12. I think it’s important to give people the benefit of the doubt. It’s possible for those who are very partisan in some arenas to be nonpartisan in others. I ran the “Who Runs This Town” project in 2006 and tried to keep it completely non-partisan. Same with City Idol (’06) and Better Ballots (’10). Most people know I’m left-leaning, and at times I’ve been a member of the NDP. I would have wanted people to give me the benefit of the doubt back then, so we should do the same for Brett.

    That said, disclosure is important. Names of organisers and funding sources should be shared. I thought it was kinda shady that there was no name listed on the website, and I’m glad he’s added it.

    I’m actually having lunch with Brett next week to talk about his website, the 2010 election and voting reform. I like working across political ideologies. It’s way more fun than preaching to the converted. I’m still a little hurt by the whole smear campaign against myself and the TPSC. But I’m putting out a press release tmrw saying that Brett shot JFK. So as far as I’m concerned, we’re even. Besides, as Jonathan pointed out, we kicked their ass and “ran Eucan out of town”. haha. Hard to hold a grudge, when you win. 😉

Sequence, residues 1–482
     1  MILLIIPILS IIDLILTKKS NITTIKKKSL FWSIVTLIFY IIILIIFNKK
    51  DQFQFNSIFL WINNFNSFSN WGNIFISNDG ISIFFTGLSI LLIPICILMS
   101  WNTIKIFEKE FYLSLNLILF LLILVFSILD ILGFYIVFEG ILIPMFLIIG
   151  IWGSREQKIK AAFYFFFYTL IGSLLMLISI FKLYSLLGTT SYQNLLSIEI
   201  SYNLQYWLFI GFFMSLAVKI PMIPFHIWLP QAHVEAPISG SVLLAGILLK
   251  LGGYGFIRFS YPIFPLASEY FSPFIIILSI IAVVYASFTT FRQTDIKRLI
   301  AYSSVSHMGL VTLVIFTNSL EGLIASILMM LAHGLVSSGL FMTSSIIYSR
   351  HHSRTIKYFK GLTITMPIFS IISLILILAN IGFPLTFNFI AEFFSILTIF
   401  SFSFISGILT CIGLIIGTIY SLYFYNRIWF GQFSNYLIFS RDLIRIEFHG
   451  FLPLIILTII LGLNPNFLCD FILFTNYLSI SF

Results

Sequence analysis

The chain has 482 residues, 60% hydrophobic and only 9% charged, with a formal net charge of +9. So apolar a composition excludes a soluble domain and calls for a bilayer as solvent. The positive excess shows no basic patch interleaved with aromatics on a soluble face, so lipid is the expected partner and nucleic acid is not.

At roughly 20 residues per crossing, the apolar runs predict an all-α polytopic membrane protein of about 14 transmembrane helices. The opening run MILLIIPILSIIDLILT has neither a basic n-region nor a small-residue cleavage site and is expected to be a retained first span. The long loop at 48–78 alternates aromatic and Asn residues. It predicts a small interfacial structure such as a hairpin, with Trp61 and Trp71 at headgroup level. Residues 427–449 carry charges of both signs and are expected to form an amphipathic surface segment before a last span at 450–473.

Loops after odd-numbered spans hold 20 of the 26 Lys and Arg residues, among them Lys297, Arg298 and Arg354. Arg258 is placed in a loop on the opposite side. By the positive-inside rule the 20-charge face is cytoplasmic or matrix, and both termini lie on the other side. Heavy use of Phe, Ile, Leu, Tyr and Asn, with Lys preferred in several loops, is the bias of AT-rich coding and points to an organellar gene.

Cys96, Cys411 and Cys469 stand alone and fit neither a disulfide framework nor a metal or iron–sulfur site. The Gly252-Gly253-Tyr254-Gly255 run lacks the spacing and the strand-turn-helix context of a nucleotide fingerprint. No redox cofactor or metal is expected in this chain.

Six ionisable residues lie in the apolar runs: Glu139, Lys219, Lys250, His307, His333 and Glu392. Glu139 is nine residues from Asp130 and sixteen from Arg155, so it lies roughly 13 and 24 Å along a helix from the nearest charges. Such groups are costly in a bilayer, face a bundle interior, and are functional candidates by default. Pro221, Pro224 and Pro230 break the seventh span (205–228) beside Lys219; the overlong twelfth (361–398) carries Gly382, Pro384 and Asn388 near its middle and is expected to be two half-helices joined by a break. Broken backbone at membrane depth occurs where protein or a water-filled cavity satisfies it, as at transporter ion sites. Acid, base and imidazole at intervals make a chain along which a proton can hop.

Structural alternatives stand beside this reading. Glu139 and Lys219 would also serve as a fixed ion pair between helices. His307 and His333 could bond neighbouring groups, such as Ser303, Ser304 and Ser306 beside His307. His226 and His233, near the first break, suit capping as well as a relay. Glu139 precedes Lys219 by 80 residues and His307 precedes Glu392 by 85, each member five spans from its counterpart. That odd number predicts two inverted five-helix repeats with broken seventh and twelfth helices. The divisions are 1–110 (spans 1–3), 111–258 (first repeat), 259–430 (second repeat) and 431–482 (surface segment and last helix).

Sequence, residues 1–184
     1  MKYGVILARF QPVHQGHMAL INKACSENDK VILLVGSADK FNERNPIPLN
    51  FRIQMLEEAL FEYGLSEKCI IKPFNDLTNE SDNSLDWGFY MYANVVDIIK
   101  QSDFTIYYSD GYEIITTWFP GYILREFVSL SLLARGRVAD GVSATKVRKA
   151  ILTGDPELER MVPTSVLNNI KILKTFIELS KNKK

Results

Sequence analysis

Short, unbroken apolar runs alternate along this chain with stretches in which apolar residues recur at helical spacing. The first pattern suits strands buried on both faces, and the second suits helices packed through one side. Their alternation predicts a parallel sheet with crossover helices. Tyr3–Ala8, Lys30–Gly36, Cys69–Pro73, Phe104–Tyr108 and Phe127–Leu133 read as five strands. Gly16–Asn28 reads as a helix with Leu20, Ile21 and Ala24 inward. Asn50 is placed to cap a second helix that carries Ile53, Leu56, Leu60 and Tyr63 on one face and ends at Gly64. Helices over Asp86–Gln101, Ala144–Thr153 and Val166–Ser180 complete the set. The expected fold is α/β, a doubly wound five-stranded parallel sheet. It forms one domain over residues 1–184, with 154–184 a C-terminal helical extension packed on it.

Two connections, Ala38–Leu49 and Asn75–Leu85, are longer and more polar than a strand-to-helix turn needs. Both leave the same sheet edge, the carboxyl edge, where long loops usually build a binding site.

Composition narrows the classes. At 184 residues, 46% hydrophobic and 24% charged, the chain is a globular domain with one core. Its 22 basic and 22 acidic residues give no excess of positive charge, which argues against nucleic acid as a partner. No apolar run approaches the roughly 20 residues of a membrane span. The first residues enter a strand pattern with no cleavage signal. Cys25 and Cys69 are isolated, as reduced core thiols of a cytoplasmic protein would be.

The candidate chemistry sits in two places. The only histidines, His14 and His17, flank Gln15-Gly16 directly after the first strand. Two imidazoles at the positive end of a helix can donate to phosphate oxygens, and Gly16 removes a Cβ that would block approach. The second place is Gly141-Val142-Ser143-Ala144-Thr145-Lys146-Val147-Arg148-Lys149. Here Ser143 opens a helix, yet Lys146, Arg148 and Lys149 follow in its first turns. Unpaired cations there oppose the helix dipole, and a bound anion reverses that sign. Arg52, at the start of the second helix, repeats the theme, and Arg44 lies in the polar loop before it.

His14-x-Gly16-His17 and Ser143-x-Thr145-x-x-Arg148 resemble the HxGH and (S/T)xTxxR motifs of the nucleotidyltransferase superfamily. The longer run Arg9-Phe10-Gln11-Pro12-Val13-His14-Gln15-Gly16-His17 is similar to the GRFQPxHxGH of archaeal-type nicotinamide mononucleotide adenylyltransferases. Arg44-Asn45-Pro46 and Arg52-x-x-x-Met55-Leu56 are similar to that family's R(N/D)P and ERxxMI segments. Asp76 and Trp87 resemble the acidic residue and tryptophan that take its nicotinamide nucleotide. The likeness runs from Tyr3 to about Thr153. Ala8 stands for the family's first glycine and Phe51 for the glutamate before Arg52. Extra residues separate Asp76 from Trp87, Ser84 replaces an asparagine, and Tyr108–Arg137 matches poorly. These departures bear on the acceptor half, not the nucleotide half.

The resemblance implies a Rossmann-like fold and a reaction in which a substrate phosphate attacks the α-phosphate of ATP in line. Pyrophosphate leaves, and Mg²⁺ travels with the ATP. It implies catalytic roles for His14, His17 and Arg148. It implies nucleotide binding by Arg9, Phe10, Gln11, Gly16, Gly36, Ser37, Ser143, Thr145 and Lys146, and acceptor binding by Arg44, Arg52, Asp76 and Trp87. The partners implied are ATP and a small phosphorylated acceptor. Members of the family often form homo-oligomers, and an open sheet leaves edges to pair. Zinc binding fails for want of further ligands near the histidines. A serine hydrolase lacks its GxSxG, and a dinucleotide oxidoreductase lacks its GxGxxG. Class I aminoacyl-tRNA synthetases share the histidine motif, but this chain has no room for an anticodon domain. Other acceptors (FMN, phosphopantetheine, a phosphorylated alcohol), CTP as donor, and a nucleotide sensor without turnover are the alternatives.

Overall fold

We need more initiatives like Brett’s website to get more people engaged with city elections. Especially this early in the game. I love how the City runs a pathetic campaign in the final weeks of the election encouraging people to “vote”, but does very little in the 9 prior months to encourage people to actually engage in the election.

    Websites like WhoRunsThisTown, Spacing and TEN fill that gap. The lefties have been much better at it. Let’s be friendly as others try to catch up with us.